MoPar goes topless!

MoPar goes topless!

Chrysler, cleverly, used the K-car platform as a kind of automotive Hamburger Helper, creating new products from the same basic components.  The Chrysler brand launched its tarted up LeBaron derivative which became the basis for the first new American convertible since the demise of Cadillac’s much vaunted “last” one back in 1976.  Dodge gave the Aries an upscale treatment (and a convertible) and, inexplicably, named the result “400.”

Dodge drop top

400 of what?

Sign of the olden times

Sign of the (olden) times

Chairman Lee seemed to be enamored of fake wood and, in short order, launched the LeBaron Town & Country station wagon and convertible, both festooned with gobs of grainy goodness. An early LeBaron convertible, slathered with bogus timber, is for sale for under $7,000 here in nearby Woodland Hills, CA.  One of these went for almost twice that much at a recent auction so we’re thinking this could be the buy of the century, if not the millennium.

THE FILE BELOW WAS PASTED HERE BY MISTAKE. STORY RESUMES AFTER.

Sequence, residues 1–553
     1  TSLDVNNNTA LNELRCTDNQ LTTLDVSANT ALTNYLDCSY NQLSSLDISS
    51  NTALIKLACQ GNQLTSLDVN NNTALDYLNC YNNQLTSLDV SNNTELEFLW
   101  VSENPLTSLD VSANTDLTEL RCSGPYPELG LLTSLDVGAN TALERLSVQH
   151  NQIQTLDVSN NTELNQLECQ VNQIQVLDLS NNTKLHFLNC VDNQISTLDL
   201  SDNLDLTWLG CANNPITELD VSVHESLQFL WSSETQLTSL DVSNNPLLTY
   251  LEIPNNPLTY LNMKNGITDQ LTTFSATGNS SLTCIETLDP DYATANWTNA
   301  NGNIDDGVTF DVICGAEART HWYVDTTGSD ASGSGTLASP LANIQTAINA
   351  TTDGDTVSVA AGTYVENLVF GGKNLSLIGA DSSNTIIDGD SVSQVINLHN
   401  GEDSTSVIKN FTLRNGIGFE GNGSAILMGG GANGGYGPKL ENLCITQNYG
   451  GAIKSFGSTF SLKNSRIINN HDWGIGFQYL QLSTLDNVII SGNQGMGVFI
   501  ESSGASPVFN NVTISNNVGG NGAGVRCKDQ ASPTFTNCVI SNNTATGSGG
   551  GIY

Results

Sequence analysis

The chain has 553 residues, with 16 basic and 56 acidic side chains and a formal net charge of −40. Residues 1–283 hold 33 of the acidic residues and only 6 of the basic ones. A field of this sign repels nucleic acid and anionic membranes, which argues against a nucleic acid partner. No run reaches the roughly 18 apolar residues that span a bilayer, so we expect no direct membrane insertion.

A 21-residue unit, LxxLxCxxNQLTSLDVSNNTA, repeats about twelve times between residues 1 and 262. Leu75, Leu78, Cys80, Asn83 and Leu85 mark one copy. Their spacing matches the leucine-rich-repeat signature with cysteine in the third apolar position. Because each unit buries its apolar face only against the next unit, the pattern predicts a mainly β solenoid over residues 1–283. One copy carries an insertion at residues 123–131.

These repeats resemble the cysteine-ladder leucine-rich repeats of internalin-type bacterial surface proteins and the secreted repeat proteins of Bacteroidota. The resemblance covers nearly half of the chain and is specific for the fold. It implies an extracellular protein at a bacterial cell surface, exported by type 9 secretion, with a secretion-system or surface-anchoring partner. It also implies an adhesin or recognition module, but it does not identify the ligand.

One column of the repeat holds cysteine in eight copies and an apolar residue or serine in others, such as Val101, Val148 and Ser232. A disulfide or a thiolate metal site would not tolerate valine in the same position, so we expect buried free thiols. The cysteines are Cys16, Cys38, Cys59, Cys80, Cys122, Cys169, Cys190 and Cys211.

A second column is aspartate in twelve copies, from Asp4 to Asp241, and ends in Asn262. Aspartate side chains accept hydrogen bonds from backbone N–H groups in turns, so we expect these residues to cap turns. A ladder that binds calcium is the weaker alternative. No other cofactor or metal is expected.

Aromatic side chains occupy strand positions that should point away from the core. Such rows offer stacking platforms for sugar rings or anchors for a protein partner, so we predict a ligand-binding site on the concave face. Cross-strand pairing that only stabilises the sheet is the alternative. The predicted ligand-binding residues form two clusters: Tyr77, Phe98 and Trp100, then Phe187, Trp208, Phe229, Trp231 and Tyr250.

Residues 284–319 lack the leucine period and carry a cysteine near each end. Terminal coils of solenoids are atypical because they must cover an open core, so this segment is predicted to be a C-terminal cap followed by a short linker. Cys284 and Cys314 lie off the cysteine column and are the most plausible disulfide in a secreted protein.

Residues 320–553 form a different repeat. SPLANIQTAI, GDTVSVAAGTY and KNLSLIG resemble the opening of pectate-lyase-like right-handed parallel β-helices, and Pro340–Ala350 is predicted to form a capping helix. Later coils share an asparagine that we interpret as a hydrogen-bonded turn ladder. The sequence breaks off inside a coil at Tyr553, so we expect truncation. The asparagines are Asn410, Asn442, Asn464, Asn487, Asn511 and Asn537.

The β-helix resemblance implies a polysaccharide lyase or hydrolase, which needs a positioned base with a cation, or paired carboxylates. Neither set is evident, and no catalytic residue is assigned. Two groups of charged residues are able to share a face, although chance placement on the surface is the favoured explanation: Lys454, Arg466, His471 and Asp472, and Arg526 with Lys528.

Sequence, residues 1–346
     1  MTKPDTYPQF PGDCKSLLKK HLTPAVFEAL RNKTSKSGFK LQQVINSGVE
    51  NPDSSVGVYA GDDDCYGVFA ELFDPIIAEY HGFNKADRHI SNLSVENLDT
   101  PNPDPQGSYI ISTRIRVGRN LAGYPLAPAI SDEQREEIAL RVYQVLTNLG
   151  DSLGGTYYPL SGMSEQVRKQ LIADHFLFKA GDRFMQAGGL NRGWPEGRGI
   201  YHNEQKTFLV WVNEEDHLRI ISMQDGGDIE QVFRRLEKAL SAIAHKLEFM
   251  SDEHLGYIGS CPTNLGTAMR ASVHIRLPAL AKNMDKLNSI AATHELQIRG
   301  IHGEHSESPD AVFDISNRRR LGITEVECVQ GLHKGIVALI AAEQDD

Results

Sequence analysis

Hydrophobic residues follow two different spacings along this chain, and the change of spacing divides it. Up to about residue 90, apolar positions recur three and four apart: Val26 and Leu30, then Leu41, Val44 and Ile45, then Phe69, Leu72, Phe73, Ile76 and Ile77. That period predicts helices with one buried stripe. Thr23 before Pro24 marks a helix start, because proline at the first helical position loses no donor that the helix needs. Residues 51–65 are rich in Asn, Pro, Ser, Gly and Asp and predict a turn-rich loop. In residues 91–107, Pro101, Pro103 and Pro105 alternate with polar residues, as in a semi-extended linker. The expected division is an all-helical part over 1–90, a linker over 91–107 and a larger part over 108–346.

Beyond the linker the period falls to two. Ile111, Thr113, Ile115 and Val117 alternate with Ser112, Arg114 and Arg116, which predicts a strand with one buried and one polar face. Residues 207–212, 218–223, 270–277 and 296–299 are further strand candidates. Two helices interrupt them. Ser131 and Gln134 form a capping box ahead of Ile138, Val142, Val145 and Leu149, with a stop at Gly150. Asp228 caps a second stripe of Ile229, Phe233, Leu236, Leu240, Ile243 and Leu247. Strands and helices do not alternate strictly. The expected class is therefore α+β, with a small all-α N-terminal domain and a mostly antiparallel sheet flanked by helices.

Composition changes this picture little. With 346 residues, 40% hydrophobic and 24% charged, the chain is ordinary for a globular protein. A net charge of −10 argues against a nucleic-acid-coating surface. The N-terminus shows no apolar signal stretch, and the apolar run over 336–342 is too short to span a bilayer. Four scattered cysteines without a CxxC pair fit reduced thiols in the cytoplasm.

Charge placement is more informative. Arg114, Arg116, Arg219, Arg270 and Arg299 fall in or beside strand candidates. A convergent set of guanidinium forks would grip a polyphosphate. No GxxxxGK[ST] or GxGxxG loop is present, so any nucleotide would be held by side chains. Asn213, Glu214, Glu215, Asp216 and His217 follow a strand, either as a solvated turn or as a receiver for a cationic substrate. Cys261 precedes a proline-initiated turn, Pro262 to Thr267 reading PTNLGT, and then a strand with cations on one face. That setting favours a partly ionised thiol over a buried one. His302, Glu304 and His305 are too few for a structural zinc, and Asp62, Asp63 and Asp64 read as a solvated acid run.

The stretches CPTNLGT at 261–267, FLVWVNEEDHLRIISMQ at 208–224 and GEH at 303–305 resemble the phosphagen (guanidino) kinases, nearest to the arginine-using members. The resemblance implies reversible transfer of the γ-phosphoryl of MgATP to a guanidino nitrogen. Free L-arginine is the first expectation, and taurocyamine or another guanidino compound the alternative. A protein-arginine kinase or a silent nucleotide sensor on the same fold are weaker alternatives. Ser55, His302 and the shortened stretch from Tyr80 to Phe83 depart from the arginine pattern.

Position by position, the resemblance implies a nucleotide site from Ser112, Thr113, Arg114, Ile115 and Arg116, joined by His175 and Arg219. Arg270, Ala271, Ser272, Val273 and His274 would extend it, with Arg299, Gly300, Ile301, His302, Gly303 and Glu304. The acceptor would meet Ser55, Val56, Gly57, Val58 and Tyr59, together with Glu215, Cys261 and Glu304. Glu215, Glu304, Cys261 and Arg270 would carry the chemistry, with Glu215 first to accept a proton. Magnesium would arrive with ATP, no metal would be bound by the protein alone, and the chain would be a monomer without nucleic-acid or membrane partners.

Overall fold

The answer to the deforestation crisis

The answer to the deforestation crisis

The platform was stretched, like so much pizza dough, for longer models including Chrysler’s New Yorker and the Dodge 600, though, again the Dodge’s model number seems to be a reference to nothing in particular. The K-platform underpinned the wildly successful Dodge Caravan and Plymouth Voyager minivans and even the seldom seen (or purchased) Imperial, Chrysler’s line topper that had come back from vehicular purgatory for a short run beginning in 1990.

Up with U.S. Imperialism!

Up with U.S. Imperialism!

My how you've grown

Imperial cruiser

That Imperial looks like two or three cars were grafted together to make one strange, billowy barge. Profit margins on these rococo K cars were higher than bare bones Aries and Reliants so they found clever ways to squeeze some additional dollars out of a dumbstruck nation.